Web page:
With effective public health policies and better services for helping people stop smoking, the percentage of adults in the US who smoke has dropped by more than ½ in the past 50 years. However not all people have shared in this good news. Tobacco caused health problems increasingly disproportionately affects the more vulnerable among us.
One such group is people with mental illness and substance use disorders. In the US, about 40% of all cigarettes are smoked by a person with these problems. This is a big reason that people with a mental illness or substance use disorder die five years earlier on average than people without these problems.
This disparity hasn’t happened by accident; but in large part through design and neglect. The tobacco industry has funded research to foster the myth that quitting is too stressful for people with mental illness, has funded mental health organizations, and supported efforts to block psychiatric hospitals from joining all hospitals in becoming smoke free. Unfortunately mental health and substance abuse treatment facilities have too often failed to prioritize tobacco dependence treatments, despite the fact that smoking is the most likely cause of death for people with mental illness and substance abuse disorders.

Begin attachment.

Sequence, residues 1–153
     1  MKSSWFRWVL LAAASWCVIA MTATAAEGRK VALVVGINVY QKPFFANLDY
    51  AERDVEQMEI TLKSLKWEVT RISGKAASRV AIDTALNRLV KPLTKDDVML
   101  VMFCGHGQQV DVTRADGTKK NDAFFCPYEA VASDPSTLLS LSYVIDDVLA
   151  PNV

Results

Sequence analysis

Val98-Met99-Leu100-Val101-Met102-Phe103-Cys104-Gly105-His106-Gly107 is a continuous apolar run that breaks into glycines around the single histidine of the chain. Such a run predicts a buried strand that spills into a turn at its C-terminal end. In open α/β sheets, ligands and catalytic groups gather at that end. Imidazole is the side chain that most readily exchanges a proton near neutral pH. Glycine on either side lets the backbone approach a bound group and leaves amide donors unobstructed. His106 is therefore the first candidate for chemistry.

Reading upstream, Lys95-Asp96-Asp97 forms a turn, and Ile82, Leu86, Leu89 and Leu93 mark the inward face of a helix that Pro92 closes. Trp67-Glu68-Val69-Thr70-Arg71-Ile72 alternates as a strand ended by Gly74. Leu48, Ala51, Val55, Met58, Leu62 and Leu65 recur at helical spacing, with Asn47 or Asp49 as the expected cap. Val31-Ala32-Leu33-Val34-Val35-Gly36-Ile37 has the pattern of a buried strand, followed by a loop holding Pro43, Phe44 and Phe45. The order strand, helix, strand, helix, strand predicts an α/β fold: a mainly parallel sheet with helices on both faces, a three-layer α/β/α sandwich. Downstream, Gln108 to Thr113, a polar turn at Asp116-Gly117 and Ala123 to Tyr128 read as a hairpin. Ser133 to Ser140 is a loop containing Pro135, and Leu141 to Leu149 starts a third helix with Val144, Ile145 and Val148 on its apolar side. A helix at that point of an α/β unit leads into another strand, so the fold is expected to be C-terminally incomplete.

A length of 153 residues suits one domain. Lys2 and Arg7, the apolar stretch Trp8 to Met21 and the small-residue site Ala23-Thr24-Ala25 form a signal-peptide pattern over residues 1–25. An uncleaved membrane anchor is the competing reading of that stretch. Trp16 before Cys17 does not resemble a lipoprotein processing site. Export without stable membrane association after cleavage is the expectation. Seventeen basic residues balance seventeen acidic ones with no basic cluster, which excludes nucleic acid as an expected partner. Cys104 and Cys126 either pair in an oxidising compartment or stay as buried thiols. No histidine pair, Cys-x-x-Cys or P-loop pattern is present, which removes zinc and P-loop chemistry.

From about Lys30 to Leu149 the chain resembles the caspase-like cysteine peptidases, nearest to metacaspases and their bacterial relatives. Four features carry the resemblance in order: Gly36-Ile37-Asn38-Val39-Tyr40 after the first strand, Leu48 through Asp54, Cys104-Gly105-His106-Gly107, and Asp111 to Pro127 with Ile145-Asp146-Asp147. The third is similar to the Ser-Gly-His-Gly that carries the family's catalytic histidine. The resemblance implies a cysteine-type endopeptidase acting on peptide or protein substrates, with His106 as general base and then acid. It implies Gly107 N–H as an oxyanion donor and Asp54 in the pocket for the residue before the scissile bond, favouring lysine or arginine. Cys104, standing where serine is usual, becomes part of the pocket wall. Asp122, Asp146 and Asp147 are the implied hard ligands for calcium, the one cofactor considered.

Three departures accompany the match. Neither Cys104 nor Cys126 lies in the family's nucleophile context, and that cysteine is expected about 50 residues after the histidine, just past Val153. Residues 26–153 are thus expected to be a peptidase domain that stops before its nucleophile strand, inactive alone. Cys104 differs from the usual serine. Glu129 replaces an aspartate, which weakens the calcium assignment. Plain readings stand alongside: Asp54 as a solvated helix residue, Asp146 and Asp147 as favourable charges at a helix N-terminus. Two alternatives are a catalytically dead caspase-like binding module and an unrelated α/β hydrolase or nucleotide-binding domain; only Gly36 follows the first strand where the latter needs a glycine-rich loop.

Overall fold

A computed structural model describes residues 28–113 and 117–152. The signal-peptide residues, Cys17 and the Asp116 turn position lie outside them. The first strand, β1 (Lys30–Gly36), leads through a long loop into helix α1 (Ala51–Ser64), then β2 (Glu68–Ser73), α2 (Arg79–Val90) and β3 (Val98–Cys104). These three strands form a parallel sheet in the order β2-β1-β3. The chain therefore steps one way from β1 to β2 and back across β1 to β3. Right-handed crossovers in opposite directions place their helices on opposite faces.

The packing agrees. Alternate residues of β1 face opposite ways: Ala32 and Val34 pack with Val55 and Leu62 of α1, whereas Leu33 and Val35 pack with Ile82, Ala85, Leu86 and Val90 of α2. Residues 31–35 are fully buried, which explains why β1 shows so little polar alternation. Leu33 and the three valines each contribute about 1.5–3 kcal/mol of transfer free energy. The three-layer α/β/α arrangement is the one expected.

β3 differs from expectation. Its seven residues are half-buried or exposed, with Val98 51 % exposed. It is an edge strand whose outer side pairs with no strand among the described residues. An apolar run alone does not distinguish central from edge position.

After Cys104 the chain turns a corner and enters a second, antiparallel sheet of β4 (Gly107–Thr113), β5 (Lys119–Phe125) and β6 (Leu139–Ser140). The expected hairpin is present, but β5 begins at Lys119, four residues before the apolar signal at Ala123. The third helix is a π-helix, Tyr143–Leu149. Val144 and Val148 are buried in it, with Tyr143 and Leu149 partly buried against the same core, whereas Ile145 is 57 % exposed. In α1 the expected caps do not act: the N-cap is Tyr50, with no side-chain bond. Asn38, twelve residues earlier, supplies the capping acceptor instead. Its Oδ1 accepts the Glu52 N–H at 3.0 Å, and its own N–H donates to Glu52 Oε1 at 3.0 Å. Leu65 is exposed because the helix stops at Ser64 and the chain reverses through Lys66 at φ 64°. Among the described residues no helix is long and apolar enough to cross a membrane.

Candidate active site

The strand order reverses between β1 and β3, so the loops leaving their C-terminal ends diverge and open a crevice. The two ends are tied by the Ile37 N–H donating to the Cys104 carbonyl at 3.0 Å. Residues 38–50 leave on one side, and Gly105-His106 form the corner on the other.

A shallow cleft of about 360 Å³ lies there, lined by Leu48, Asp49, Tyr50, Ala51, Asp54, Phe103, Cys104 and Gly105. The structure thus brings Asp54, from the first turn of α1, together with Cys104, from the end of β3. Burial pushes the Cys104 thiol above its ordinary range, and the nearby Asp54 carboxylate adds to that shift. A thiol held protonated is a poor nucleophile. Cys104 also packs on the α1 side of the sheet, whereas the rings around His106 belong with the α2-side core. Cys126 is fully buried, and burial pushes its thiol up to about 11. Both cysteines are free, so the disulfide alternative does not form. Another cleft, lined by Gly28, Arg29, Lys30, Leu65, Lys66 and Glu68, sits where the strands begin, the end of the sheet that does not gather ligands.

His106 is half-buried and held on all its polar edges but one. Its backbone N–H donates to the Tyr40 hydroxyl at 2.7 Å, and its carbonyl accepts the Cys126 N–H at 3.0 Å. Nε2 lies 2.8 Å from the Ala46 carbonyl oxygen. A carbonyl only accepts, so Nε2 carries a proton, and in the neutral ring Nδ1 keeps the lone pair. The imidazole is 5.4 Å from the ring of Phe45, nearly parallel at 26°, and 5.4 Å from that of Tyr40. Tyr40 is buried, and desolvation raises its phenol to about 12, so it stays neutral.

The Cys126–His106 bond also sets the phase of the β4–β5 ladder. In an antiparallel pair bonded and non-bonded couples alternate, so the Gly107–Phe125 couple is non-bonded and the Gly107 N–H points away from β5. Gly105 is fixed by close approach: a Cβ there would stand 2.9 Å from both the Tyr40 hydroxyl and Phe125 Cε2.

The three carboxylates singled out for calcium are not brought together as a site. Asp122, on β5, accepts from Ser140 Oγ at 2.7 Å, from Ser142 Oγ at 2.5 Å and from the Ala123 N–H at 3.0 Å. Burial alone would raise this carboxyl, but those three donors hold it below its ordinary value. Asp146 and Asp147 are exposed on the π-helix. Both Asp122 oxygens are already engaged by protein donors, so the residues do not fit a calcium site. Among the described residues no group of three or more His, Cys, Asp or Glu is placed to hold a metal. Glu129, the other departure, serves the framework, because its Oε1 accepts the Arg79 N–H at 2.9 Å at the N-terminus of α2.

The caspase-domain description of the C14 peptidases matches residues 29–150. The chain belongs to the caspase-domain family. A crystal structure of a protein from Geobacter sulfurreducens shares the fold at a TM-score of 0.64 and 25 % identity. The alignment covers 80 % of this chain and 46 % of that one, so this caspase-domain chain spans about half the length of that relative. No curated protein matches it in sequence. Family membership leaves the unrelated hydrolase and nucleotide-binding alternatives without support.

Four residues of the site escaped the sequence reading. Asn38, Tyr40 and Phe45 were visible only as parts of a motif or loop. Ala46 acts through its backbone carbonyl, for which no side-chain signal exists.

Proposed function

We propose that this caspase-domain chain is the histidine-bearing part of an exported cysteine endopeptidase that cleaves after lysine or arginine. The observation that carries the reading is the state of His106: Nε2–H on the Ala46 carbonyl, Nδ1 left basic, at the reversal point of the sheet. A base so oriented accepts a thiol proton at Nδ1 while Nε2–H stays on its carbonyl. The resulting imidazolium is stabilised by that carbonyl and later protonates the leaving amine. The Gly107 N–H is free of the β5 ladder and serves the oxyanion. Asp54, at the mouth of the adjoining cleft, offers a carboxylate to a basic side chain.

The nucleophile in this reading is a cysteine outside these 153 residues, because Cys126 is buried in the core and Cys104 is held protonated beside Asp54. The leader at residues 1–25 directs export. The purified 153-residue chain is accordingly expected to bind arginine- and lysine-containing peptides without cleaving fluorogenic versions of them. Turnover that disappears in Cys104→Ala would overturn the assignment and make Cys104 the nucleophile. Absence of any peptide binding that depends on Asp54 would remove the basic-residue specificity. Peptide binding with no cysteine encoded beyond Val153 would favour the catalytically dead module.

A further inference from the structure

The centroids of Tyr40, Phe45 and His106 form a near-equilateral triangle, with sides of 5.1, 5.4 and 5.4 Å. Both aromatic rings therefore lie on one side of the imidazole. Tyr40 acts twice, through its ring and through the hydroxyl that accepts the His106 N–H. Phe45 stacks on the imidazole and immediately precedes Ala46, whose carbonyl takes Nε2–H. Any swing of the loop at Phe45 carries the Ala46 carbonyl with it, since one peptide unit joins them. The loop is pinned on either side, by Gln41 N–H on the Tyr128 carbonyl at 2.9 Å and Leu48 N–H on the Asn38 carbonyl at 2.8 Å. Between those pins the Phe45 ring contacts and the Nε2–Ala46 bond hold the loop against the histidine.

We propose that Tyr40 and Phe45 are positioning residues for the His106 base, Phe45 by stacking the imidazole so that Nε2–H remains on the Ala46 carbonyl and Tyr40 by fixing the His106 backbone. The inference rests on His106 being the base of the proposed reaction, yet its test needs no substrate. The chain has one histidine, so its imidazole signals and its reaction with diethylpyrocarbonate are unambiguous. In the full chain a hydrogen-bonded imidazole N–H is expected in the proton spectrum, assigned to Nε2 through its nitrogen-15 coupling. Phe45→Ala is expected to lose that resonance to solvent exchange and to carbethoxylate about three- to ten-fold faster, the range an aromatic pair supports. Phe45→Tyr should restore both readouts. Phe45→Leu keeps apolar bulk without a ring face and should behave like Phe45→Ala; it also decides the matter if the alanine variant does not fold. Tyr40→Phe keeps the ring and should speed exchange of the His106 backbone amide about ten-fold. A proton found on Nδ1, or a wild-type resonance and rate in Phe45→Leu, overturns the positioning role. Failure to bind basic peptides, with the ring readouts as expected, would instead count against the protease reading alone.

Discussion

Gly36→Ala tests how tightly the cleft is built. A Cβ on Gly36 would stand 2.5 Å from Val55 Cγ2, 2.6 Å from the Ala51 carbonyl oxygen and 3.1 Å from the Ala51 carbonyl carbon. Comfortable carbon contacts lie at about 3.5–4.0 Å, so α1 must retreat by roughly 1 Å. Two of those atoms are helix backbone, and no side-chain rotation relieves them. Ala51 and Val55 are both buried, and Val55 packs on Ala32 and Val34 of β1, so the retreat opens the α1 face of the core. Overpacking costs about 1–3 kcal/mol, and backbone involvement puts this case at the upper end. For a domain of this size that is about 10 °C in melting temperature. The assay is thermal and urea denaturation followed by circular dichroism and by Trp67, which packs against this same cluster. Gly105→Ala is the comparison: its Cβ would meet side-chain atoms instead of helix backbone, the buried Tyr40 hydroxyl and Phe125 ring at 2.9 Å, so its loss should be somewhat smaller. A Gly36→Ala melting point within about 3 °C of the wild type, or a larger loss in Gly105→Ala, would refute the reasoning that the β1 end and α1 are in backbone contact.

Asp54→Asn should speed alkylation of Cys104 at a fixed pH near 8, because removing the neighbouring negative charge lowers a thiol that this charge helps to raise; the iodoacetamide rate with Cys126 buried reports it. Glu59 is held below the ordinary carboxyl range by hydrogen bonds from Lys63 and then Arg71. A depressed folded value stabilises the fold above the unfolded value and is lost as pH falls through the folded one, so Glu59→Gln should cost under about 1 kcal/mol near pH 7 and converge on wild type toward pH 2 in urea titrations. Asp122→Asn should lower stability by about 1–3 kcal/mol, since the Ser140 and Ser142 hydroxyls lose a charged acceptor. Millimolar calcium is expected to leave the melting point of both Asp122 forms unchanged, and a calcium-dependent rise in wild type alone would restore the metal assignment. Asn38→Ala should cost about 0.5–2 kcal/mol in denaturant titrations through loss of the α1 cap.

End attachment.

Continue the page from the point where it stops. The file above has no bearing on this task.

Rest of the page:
I write this to raise awareness and encourage your advocacy. People with mental illness and substance disorders want to stop smoking just like people without these problems. They can and do stop with the right support and effective treatments. They deserve to share in the good news and good health of tobacco free living.